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The Case for More Challenges in Baseball

We want the tantrums over balls and strikes

Getty Images
Getty Images

I imagine that Major League Baseball still uses a lot of fax machines. I don’t know this for a fact, but I like to think that for every dugout phone, there is a big, gray box nearby constantly cranking out missives from commissioner Rob Manfred; that if you walk into the league’s New York headquarters, the air is filled with the crick-crick-crick of dozens of machines sending teams marching orders as dial-up modems blare like the ghosts of America Online past. (My mom once called AOL support to ask how to turn the dial-up sound off, and the guy she reached told her he’d always thought the tune sounded like electric whales serenading each other in the dark. She left it on.)

Anyway: This is the kind of thing I think of when MLB does something grumpy and dry, like sending managers a memo last Friday to order them to stop challenging balls and strikes, which has historically been prohibited and grounds for automatic ejection.

“This highly inappropriate conduct is detrimental to the game and must stop immediately,” Joe Torre wrote in a memo obtained by the Associated Press announcing that managers and coaches who are ejected in such cases will now be disciplined, including at least a fine. “… Although disagreements over ball and strike calls are natural, the prevalence of manager ejections simply cannot continue. This conduct not only delays the game, but it also has the propensity to undermine the integrity of the umpires on the field.”

Torre is the league’s chief baseball officer, simultaneously both the best and worst C-suite title out there (wish they could have sent Joe down to Battery Park in Mr. Robot, amirite?). That means his job is to think about baseball, the sport. I also think about baseball, the sport — if you are reading this, I bet you probably do, too — but it is Torre’s responsibility to contemplate baseball’s aging soul and, among other things, try to make it more exciting and welcoming and inclusive.

The thinking behind preventing managers from questioning ball-and-strike calls is that plate umpires are usually correct, and that permitting challenges to catch their occasional errors would dramatically slow the game. This issue has grown thornier in recent years as the game has increasingly relied on in-house instant replay technology to help resolve other, permitted challenges. Video tech also happens to make it much easier for managers to know whether a called strike was actually a strike and thus: the sudden prominence of illicit, replay-backed disputes. There has been a spate of them this season, notably Tigers manager Brad Ausmus throwing a fit that culminated in him covering the plate with his sweatshirt. (Like a burial shroud? To keep it warm? Unclear.)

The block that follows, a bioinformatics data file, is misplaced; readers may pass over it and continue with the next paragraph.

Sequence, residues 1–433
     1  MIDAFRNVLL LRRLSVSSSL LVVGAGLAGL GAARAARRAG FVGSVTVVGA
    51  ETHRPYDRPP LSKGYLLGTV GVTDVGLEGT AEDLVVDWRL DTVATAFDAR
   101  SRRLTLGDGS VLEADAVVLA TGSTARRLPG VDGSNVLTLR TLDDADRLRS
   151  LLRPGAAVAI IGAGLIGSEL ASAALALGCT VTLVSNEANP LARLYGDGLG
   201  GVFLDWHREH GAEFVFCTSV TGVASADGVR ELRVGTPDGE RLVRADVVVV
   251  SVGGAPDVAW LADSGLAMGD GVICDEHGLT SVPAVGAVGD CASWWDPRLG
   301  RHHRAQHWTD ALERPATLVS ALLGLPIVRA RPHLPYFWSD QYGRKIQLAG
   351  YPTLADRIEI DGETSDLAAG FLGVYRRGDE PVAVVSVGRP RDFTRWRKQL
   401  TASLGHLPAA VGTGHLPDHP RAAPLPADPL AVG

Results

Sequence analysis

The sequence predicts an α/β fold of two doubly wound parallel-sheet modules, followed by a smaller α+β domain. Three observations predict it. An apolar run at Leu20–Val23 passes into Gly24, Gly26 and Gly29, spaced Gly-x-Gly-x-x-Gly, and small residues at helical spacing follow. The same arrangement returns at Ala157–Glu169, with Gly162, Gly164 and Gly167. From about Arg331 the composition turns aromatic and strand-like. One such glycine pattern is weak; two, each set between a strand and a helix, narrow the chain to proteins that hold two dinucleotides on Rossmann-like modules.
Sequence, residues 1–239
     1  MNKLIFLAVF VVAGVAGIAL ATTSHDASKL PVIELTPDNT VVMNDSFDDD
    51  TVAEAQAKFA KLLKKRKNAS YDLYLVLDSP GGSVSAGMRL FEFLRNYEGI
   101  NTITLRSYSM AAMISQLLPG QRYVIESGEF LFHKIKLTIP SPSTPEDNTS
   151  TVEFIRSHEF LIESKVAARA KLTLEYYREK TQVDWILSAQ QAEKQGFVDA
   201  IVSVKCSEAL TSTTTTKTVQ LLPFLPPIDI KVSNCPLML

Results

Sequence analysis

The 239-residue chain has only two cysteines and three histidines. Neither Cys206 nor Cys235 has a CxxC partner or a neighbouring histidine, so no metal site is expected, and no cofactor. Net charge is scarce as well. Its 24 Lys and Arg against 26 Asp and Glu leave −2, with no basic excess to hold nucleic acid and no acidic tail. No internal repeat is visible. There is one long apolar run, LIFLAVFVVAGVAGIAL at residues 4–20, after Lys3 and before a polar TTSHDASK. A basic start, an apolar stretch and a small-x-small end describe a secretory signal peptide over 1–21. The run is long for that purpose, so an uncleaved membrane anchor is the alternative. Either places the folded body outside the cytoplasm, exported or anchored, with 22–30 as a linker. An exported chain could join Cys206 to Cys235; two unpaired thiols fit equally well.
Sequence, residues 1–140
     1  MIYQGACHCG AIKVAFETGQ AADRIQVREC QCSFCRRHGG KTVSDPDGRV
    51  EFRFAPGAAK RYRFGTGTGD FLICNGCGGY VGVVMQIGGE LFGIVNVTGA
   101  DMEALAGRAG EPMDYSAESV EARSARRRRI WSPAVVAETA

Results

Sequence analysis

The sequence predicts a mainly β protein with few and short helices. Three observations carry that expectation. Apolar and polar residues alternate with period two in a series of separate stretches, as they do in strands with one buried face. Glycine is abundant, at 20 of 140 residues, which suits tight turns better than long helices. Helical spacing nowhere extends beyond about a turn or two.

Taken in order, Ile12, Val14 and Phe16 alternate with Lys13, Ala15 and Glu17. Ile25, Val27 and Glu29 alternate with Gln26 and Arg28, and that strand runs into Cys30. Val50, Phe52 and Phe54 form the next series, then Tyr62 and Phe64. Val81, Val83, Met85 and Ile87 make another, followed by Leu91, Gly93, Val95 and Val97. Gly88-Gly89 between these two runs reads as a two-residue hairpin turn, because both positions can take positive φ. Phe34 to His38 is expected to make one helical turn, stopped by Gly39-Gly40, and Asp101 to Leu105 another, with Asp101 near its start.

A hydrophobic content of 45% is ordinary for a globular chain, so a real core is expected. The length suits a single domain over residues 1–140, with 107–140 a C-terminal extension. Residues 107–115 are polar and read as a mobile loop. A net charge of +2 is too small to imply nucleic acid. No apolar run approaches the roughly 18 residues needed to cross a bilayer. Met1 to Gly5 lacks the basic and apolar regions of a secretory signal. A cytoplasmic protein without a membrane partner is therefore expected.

Torre’s memo was a reminder to managers that such behavior is not, in fact, allowed. He will not stand by and watch, he has made clear, the creeping End of Fallibility as robots perfect our sports, take our jobs, etc. But listen here, Joe, Mr. CBO, sir: Do not stop the tantrums over balls and strikes. Long live challenges. May ejected managers inherit the earth. We can rebuild it*. We have the technology**.

(*Fun, in baseball, not an oxymoron, trust me, I promise.)

(**LITERALLY WE HAVE THE TECHNOLOGY TO MAKE BASEBALL MORE FUN.)

Do managers’ complaints add extra time to games? They do! They sure do. And will formally allowing managers a whole new thing to complain about introduce additional pauses? Certainly! MLB has been fretting about game length for years on the basis that the sport’s inherent longness — or what a non-baseball fan might call its lazy, dragging, sunburn-inducing boringness — discourages fans (or, more significantly, would-be fans) from paying attention to the league. In 2015, MLB instituted a host of pace-of-play rules that successfully trimmed an average of six minutes off of major league games. There’s nothing like a puffy, red-faced grandpa bod huffing and puffing his way out of the dugout to really throw a wrench in gameplay.

But listen to this crowd! Listen to it! Do those people sound bored? Do they sound like they’re turning to one another and saying, My god, Paul, I paid to watch a baseball game, for crying out loud, and now I am watching a fat man yell in his pajamas? Is that what those cheers sound like to you, Joe?

Look at this spittle-spattering! This halitosis-harkening! This stomp-stationing(?)! Is this boring? Is this game too slow? Here is Red Sox manager John Farrell — mad, raving, gesticulating! — being told to depart in May after challenging a bad strike call, shortly before David Ortiz got the boot for doing the same thing:

Goddamnit, baseball, this shit is great, OK? Leave it alone. Manager tantrums are not only an old tradition — they’re a great one. If the end result of pace-of-play guidelines is to make baseball more exciting — well, hell, this sure seems exciting to me. And this is to say nothing of the fact that everyone with access to any kind of electric whale serenade knows immediately whether a ball-and-strike call was blown. We don’t need to hand the whole game over to rule-minding cameras and robots to acknowledge that this is clearly a specificity that fans enjoy.

Yes, baseball could benefit from being sped up, and yes, the league should be working hard to attract and engage with new fans. But if MLB’s goal is to make the sport more exciting, for the love of god, don’t rid us of an outlet for one of the most delightfully weird and thrilling things baseball has to offer.